Bumper harvest brightens Zimbabwe's economic prospects
China Daily

A man wears a mask as he walks past closed shops during a lockdown aimed at limiting the spread of the coronavirus disease (COVID-19) in Harare, Zimbabwe, Jan 28, 2021. [Photo/Agencies]

After experiencing successive seasons of drought, Zimbabwe is poised for a bumper harvest.

The country will produce nearly 3.1 million metric tons of cereal grains, including maize, sorghum, pearl and finger millet, according to the "Second Round Crop and Livestock Assessment Report 2020-21 Season", released by the Ministry of Lands, Agriculture, Fisheries, Water and Rural Resettlement.

Since there is a national requirement of around 2.3 million tons for human and livestock consumption, a surplus of 0.8 million tons will be left.

Maize production is estimated at 2.7 million tons, which is 199 percent higher than the previous season. Production of small grains has gone up 128 percent to nearly 350,000 tons compared with last season.

Altogether, food crop production rose 189 percent from last season. Cotton production is estimated at 196,000 tons in the 2020-21 season-a 94 percent increase from last season's level. Soybean production is expected to increase by 51 percent to 71,290 tons.

According to the United Nations, in the last agricultural season, a severe drought left 7.7 million people-about half of the country's population-without food security.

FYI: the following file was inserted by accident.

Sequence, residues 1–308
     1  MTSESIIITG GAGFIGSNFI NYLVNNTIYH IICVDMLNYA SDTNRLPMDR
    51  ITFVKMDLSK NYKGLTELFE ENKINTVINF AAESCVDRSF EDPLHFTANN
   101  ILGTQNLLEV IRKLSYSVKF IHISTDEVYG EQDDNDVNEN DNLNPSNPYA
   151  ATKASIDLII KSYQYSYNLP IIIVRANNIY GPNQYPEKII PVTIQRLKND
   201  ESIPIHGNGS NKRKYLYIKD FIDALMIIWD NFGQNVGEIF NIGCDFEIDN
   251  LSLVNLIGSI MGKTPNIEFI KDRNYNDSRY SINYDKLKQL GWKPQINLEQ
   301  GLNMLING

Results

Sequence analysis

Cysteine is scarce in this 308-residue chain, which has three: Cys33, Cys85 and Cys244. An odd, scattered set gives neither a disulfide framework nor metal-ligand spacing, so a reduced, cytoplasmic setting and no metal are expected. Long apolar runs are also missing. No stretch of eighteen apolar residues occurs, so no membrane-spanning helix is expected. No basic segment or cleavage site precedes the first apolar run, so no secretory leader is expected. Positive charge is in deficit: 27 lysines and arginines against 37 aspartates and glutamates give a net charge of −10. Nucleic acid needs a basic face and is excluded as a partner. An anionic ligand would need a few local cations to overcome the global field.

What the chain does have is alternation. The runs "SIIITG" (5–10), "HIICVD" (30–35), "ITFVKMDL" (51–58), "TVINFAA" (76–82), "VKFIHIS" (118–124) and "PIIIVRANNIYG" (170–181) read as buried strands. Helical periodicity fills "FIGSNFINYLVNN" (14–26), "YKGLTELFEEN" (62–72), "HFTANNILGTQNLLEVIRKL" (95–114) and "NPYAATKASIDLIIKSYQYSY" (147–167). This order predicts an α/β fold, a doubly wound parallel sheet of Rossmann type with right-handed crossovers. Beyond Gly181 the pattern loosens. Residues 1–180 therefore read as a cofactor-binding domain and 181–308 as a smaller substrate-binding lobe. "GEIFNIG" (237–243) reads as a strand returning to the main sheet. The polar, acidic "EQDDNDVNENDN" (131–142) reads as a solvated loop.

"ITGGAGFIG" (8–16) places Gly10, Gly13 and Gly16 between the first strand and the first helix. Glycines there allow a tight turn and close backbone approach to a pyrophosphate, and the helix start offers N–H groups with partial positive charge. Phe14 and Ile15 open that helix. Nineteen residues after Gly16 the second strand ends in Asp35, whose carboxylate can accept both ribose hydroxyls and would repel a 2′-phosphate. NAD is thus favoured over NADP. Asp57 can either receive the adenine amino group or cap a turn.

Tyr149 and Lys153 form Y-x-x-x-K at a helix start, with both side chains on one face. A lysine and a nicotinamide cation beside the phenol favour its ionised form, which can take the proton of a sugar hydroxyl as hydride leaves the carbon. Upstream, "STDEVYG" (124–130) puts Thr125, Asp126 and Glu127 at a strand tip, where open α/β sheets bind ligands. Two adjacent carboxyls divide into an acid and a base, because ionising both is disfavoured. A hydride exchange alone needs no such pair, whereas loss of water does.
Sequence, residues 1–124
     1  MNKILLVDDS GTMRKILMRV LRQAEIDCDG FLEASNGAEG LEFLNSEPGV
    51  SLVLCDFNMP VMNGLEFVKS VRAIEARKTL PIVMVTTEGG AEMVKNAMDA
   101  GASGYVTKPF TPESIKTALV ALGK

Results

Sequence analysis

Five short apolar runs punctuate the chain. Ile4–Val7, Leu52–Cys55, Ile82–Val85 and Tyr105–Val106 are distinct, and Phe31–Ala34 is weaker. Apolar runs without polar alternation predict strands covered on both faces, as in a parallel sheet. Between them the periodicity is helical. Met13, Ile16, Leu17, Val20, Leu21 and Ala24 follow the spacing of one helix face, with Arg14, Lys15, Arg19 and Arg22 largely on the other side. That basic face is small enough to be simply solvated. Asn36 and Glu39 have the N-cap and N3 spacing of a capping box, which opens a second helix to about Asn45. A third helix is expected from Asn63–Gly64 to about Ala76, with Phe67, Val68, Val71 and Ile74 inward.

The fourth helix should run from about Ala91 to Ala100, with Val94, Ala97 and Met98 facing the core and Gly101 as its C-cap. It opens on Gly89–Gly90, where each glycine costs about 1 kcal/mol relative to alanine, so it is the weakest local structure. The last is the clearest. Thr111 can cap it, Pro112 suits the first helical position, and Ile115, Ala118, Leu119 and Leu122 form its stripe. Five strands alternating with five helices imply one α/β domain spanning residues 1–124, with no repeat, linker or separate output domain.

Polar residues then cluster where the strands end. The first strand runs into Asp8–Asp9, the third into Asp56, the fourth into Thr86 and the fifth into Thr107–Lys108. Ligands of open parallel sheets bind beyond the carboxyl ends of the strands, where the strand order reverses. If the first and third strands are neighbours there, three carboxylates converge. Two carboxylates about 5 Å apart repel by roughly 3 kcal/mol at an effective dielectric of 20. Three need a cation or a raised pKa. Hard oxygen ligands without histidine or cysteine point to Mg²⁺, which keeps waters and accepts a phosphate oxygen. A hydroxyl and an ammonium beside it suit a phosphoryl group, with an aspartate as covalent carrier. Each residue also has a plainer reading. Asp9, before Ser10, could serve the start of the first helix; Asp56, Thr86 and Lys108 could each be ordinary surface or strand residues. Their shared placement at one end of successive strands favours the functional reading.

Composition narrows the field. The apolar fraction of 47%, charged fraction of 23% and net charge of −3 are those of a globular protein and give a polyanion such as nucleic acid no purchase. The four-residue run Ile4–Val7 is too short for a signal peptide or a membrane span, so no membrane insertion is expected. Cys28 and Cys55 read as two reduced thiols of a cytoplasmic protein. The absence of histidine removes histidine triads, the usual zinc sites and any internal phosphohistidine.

Garikai Chaunza, general manager of the Grain Millers Association of Zimbabwe, said the bumper harvest would help the government reduce the import bill for wheat and maize, and save the country more than $200 million.

"It means an improved economy with sufficient food for both humans and livestock. This would boost production capacity, which was slightly below 40 percent of capacity because of COVID-19 and the nonavailability of grains," he said.

Paul Zakariya, executive director of the Zimbabwe Farmers' Union, said that following a good season, it is imperative to bring joy to farmers through timely payments that encourage them to continue to produce and make a living.

"Farmers will need to be paid cash so that they are able to buy inputs in time for next season", he said. Agricultural inputs include feed, seeds, equipment and fertilizer.

"We also expect correction to be made in the marketing of cotton. Last season was not a very good season for farmers because they didn't get paid as they expected."

Zakariya said the new producer prices for commercial crops for the 2021-22 marketing season were attractive and can work well for farmers who produce more tons per hectare.

Charles Dhewa, CEO of Knowledge Transfer Africa, said bumper harvests were now rare, so there was a need to move with urgency to take advantage of this season's crop.

"As an agri-based economy, when agriculture does well, it boosts industry and communities where people rely on agriculture, but we need to maximize on what we have produced this year," he said.

Dhewa said that, unfortunately for farmers, a glut in commodities was pushing prices down in alternative markets.

"Generally, prices of all commodities are going down, but some commodities are selling at abnormally low prices-an indication that the market is saturated.

"If the prices continue dropping, it means farmers are not going to be able to go back to the field, because the price of inputs doesn't correspondingly go down," he said.

Dhewa said a solution would be to provide value-added commodities or hold back on selling commodities until prices have improved.